A drama teacher at a suburban Chicago college filed a discrimination complaint against her school district, alleging that mandatory anti-racism training created a hostile environment for white students and educators.
The lawsuit, filed Tuesday in federal court by a conservative public interest law firm, is the latest in a growing number of federal lawsuits alleging that teachings related to race and racial identity in public schools are discriminatory and have suppressed freedom of speech. Over the past year, school boards across the country have faced protests and lawsuits over curriculum and school policies – sometimes referred to as “critical race theory” – which litigants, highlight racial stereotypes and political activism.
The latest complaint comes from Stacy Deemar, a white teacher in a K-8 school district in Evanston and Skokie, Ill., Just north of Chicago. She alleges that teachers and students are required to participate in anti-racist racial segregation exercises and that teachers are required to teach material that portrays whites as inherently racist oppressors.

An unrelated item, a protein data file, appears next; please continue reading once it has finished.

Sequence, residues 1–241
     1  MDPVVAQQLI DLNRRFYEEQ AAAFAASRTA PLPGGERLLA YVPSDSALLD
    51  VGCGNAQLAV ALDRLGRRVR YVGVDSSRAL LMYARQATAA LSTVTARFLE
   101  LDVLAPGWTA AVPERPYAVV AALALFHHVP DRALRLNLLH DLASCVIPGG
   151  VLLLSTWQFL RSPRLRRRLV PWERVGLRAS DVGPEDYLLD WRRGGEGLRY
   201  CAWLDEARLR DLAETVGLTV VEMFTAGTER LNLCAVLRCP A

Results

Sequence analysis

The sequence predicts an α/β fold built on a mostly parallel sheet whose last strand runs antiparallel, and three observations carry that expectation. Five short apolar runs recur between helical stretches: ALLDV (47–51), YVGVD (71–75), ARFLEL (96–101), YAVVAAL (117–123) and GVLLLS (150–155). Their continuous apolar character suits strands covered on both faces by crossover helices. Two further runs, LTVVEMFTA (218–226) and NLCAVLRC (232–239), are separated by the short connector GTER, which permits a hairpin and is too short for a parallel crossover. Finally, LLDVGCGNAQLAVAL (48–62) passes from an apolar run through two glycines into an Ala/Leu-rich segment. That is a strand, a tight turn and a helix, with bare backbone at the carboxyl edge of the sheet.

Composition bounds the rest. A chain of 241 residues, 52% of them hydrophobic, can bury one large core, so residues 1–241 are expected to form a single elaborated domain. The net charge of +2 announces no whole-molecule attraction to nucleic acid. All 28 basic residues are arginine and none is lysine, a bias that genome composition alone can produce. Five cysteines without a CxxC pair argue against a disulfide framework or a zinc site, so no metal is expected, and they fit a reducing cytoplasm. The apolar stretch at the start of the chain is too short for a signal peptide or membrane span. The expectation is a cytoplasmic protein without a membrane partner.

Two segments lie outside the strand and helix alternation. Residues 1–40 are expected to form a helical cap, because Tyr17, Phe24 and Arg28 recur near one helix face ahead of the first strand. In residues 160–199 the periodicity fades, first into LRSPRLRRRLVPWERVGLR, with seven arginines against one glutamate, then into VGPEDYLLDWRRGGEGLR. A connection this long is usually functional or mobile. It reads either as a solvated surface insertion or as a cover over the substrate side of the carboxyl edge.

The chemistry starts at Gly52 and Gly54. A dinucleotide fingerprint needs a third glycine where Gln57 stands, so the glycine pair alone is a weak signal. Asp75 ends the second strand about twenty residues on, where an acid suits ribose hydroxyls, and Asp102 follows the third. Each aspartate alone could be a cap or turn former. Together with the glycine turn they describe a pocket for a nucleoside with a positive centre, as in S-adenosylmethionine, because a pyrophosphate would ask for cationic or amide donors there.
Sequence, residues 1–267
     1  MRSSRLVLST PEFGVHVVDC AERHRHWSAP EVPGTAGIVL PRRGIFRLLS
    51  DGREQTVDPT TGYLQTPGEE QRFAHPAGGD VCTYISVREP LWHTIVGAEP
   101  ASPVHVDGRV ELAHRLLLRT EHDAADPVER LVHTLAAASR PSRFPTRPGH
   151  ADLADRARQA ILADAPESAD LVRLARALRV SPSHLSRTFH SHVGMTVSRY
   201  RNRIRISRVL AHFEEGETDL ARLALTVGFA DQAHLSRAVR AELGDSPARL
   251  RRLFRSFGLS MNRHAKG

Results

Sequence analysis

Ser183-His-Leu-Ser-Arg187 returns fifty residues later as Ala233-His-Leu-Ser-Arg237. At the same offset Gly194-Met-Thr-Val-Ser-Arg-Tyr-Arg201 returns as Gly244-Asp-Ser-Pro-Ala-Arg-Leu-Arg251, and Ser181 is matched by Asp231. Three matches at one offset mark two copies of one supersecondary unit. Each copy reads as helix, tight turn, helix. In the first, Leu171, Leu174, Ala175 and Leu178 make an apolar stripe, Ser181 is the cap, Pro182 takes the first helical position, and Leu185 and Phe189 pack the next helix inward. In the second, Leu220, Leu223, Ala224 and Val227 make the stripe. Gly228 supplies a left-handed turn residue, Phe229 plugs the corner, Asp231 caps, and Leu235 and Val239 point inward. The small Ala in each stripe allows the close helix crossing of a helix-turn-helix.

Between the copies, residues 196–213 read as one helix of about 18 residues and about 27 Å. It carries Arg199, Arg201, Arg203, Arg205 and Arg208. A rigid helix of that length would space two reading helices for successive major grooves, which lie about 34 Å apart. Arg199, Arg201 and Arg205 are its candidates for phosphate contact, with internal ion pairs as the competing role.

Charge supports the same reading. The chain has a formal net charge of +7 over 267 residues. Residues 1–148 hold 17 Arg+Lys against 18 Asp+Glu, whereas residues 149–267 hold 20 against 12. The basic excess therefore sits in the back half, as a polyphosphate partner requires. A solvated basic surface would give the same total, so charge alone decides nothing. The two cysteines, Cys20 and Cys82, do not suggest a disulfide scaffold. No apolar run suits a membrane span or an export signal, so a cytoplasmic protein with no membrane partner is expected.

The lawsuit alleges that the district’s policies violate the Equal Protection Guarantee of the 14th Amendment and Title VI of the Civil Rights Act of 1964, which prohibits discrimination based on race, color or national origin in public schools.
Evanston Superintendent Devon Horton, a defendant in the case, said he was unable to comment as the lawsuit is ongoing. The lawsuit cites a Wall Street Journal article in which Mr. Horton told teachers, “If you’re not anti-racist, we can’t have you in front of our students.”